Eric Lindros has Swedish heritage. His great grandfather Axel immigrated from Sweden to Canada and Eric is the third generation of Lindroses to have been born in Canada. "Lindros" means "Rose of the Linden tree."
Lindros played for the Oshawa Generals of the Ontario Hockey League for parts of three seasons from 1990 to 1992. During that time, he scored 97 goals and had 119 assists in 95 games played. He attended St. Michael's College School in Toronto with his brother and fellow hockey player, Brett Lindros.
A controversy arose when Lindros refused to go to the Sault Ste. Marie Greyhounds after they drafted him. Lindros had already stated his intention not to join the Greyhounds, but Greyhounds owner Phil Esposito had drafted him anyway, enabling Esposito to sell his share in the team at a higher price. Lindros was traded to the Oshawa Generals instead, and when they played the Greyhounds, some Greyhound players wore black armbands in protest of Lindros' antics.
Lindros was selected first overall by the Quebec Nordiques in the 1991 NHL Entry Draft. However, echoing the Greyhounds fiasco, Lindros refused to play for the Nordiques, and instead split the following season between the Generals and the Canadian national team. Eventually, he was traded to the Philadelphia Flyers, for whom he played from 1992 to 2000, most of the time as the team's captain.
Many consider this trade a key reason that the Colorado Avalanche, which the Nordiques became in 1995, went on to be an NHL powerhouse. They received in the trade Peter Forsberg, Ron Hextall, Chris Simon, Mike Ricci, Kerry Huffman, Steve Duchesne, a 1st round selection (Jocelyn Thibault) in 1993, a 1st round selection (later traded to the Toronto Maple Leafs, later traded to the Washington Capitals - Nolan Baumgartner) in 1994, and $15,000,000 cash. Since the trade, the Avalanche have won eight division titles and two Stanley Cups.
A large presence at over 6 feet 3 inches (1.9 m) tall and 230 pounds (104 kg), Lindros combines aggressive play with excellent skills, although hockey observers say he has lost his effectiveness due to injury, and the decline in production supports that theory. Lindros has suffered numerous concussions throughout his career. His younger brother Brett, who also played in the NHL, was forced into early retirement because of repeated concussions. Nicknamed the Next One, in reference to the Great One, and the Magnificent One, he never lived up to his billing as the next great Canadian hockey player, on par with Gretzky and Lemieux. The expectations were unrealistic at best, as Lindros was a great power forward rather than a excellent goalscorer or a playmaker.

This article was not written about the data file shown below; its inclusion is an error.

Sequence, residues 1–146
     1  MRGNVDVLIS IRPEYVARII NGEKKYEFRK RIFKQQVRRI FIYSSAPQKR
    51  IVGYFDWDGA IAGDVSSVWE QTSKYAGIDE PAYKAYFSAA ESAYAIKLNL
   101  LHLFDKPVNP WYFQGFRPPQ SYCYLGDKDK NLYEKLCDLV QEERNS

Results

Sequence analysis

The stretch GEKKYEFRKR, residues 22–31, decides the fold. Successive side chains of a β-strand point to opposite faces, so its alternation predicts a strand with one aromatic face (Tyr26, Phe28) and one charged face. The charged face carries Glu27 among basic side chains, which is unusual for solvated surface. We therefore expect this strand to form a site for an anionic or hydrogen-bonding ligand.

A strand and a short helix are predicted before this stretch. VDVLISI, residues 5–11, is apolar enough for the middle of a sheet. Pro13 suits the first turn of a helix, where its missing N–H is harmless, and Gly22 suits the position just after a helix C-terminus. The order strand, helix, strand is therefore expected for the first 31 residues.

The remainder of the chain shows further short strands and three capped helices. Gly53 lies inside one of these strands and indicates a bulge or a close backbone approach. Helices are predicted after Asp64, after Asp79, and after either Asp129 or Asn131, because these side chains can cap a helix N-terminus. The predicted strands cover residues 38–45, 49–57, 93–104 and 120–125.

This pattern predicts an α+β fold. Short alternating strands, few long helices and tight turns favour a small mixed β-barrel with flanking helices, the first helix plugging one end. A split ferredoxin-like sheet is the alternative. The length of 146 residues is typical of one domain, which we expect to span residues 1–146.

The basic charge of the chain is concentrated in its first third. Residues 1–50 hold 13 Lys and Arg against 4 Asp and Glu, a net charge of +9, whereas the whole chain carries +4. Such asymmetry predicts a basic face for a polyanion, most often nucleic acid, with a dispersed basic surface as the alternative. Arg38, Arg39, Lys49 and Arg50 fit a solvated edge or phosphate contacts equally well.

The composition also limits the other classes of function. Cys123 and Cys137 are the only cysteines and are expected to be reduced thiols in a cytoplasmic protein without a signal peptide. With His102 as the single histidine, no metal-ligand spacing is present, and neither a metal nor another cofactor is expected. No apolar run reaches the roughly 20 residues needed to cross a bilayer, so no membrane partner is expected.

Along with John LeClair and Mikael Renberg he played on the dreaded "Legion of Doom" line. He won the Hart Trophy as MVP in the lockout-shortened season of 1995, but in 1997, the Flyers were swept by the Detroit Red Wings in the Stanley Cup finals after the Flyers had run through their first three playoff opponents. Lindros' first goal of the Stanley Cup Finals came in Game 4, with the Flyers down 2-0 and minutes away from being swept.
Lindros had a bad relationship with Flyers General Manager Bobby Clarke, which was exacerbated during the 1999-00 NHL season. During an April game against the Nashville Predators, Lindros suffered what was diagnosed as a rib injury. Later that night, the teammate he was sharing a hotel with, Keith Jones, discovered Lindros lying in a tub, pale and feverish. Lindros was immediately rushed to a nearby hospital and it was discovered he had a collapsed lung. Lindros's parents, who had a history of being Eric's eyes and ears and speaking for him when it came to matters with the Flyers (including telling Clarke who should play on Lindros' lines), accused the Flyers team doctors of trying to kill Lindros and not diagnosing the injury properly. Lindros returned after being stripped of his captaincy in the Eastern Conference Finals, in which he played the final two games of the series, the latter of which Lindros suffered another concussion after a bone-jarring hit by New Jersey Devils player Scott Stevens. The Flyers lost the final game and the series, and Lindros became a restricted free agent during the off-season.
He refused to sign with the Flyers, who still owned his rights and refused to deal him to the Toronto Maple Leafs, as he preferred, and Lindros sat out the 2000-01 NHL season before being traded to the New York Rangers in 2001. Many Flyers fans saw the irony in Lindros going to the Rangers, since the Rangers had fought so hard to get him alongside the Flyers when he initially refused to play for Quebec. The Rangers in fact cried foul when the rights to Lindros were awarded to Philadelphia.
He played for the Rangers for the next three seasons. In 2004, Lindros sustained his eighth career concussion. He was given permission by a doctor to resume training; however, two doctors have suggested Lindros retire. He became an unrestricted free agent in that off-season. On August 11, 2005, after the NHL labour dispute had wiped out the 2004-05 season, Lindros signed a one-year, $1.55 million contract with the Toronto Maple Leafs for the 2005-06 NHL season.
- Hart Memorial Trophy - 1995
- Lester B. Pearson Award - 1995
- Played in 6 All-Star Games - 1994, 1996, 1997, 1998, 1999, 2000
- World Junior Championships - 1989, 1990, 1991, 1992
- Canada Cup - 1991 (gold)
- Winter Olympic Games - 1992 (silver), 1998, 2002 (gold)
- World Championships - 1993
- World Cup of Hockey - 1996